I hope plenty of UKers chime in! lol!!!

    That green eyelet is gorgeous. If I get my hand back, that Simplicity coat may jump the line. Shame on L148!!! O_o

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    1. OK now I feel for you doubly - the hand injury and the need to wear a jacket in August. Seriously! do you ever think about moving somewhere less arctic?

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    2. Kids!!' My son has one more year of high school. My daughter wants to move to California when she finishes college in 2020. :)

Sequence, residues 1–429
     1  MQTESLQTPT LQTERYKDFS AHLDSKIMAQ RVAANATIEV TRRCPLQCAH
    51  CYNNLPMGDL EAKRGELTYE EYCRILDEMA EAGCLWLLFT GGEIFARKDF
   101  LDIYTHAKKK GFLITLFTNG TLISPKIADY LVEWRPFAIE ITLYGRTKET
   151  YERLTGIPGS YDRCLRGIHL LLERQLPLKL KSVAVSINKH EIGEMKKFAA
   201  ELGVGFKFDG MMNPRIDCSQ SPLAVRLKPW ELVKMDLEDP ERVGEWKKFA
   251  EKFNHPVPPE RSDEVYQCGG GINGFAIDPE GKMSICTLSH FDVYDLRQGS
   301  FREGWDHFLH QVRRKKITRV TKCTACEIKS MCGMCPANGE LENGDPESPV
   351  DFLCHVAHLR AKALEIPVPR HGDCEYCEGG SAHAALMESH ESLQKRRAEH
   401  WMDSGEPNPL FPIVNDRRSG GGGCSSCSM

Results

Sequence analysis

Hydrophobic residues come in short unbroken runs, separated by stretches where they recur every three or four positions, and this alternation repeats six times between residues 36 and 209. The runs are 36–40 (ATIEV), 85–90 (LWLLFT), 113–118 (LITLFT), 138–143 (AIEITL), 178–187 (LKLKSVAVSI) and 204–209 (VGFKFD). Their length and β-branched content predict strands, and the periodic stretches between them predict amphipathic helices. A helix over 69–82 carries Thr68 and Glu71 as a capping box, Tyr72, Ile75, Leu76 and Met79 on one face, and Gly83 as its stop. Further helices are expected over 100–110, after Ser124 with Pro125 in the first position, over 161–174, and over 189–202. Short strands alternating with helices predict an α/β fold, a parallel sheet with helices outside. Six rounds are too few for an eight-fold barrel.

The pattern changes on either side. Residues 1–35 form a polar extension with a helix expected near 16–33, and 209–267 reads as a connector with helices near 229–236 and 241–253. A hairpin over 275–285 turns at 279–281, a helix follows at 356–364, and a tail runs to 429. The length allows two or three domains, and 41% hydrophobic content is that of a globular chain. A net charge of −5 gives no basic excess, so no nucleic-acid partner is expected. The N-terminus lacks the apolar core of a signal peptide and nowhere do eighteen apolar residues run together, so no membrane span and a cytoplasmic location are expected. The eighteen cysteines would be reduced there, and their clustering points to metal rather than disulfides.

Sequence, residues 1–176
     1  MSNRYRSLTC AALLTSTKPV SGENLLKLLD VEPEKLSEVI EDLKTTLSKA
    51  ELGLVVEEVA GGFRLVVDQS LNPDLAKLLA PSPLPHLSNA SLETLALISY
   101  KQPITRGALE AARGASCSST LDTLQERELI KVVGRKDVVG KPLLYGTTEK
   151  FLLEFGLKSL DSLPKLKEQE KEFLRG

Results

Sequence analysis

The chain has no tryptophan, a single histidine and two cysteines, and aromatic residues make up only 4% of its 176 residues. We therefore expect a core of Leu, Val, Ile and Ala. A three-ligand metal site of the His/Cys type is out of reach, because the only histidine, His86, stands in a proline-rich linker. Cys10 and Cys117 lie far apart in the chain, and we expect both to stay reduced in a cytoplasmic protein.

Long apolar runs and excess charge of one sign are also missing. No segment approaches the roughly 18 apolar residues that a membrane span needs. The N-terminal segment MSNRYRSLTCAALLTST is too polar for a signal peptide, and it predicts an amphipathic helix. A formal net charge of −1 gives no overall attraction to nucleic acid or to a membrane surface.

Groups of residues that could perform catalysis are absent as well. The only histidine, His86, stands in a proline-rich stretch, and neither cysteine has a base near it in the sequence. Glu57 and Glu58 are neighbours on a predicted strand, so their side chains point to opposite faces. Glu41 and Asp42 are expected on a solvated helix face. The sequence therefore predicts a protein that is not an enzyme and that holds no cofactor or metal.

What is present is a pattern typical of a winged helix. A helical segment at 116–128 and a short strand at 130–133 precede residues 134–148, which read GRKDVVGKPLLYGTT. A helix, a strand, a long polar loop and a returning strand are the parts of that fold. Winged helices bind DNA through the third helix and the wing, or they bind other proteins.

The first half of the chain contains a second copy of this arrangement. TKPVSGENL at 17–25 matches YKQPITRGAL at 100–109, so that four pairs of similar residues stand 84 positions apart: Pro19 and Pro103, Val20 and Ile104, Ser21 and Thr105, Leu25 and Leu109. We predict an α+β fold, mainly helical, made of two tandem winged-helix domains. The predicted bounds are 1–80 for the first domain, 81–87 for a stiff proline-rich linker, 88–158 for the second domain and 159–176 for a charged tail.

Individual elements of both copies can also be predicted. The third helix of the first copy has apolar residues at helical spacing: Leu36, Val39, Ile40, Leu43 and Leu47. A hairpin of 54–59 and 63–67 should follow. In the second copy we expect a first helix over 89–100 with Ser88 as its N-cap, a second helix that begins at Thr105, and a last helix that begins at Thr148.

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  2. I love to cut. I think part of it is I choose a time when the kitchen is sunny and no one is home. The sunshine streaming in and the quiet so I can concentrate. It's bliss.

    I also love wardrobe planning (but not the patterns from that company - just not my style). I got so inspired by a blog called the Vivienne Files. I have a limited budget and need to plan what I buy carefully. I ended up trying her "Whatever Is Clean" plan coming up with 13 pieces for the summer. They were basic but they were from nice fabric, things went together well and I wore something completely different (not just shuffling around the same print for a top and a skirt with the same top and skirt in a matching neutral). I commented to DH that I've worn something different to church each week the entire summer. It looks like I have a ton of clothes and I don't.